This story was originally published by the WND News Center.
The state of Colorado has gone through an extensive, legislatively mandated program to set up for the reintroduction of wolves to its mountains and plains.
There was a statewide vote several years ago. The experts offered advice and bureaucrats were consulted. Negotiations got underway. Plans were made. Procedures adopted.
Now, apparently, it lacks only one thing: Wolves.
According to a report from CPR, the state has a deadline at the end of the year to reintroduce wolves, as voters specified in a 2020 ballot issue.
But Idaho won't help the state get any wolves. Or Montana, or Wyoming. Or other locations.
The report cited Travis Duncan, of Colorado Parks and Wildlife, explaining the agency now is discussing its demands with Oregon and Washington, and the Nez Perce Tribe in Idaho.
The tribe has confirmed its officials are thinking about the plan.
But it's uncertain what, if anything, will be finalized in the next few months, before Colorado's end-of-year deadline.
Washington state officials say logistics of trapping the animals would prevent delivery by the end of the year, leaving Colorado with the "last-hope" Oregon or Nez Perce options, the report said.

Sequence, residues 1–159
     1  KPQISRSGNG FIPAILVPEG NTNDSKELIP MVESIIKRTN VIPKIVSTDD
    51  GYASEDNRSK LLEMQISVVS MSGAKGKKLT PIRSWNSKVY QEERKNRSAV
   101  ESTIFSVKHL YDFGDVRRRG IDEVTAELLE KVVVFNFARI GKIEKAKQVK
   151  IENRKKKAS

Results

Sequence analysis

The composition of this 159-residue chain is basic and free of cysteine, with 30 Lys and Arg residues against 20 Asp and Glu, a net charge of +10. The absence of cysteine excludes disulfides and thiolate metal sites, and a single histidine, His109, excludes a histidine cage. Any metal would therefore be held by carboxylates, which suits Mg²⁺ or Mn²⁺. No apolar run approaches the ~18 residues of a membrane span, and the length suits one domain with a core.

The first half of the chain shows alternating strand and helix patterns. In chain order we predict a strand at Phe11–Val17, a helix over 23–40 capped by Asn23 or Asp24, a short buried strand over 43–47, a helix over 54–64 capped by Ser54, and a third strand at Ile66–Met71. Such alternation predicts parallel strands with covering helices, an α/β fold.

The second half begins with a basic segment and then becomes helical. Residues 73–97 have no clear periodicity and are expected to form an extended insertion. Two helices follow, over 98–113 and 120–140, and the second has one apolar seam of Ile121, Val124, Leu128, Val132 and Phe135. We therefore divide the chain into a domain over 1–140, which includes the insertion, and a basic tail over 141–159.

A large part of the resistance is the fact that wolf populations have rebounded so much in other areas.
The federal government returned them to the Yellowstone National Park and central Idaho region in the 1990s, and hunters and ranchers have since then been expressing opposition.
Wyoming Gov. Mark Gordon said his state wouldn't help because the wolves could wander back into his state.
Idaho Department of Fish and Game spokesman Jim Fredericks said the plan was out because the "negative impacts of wolves sent to Colorado will not stay in Colorado."
Montana also has declined.
Nex Perce spokesman Aaron Miles said in the report his tribe is in "preliminary" talks with Colorado but still has a process to follow.
Actually, the state there, Idaho, is moving to reduce its wolf population by about half, from the more than 1,300 it now has.
Supporters of the wolf control plan say that would help minimize the loss of livestock and elk.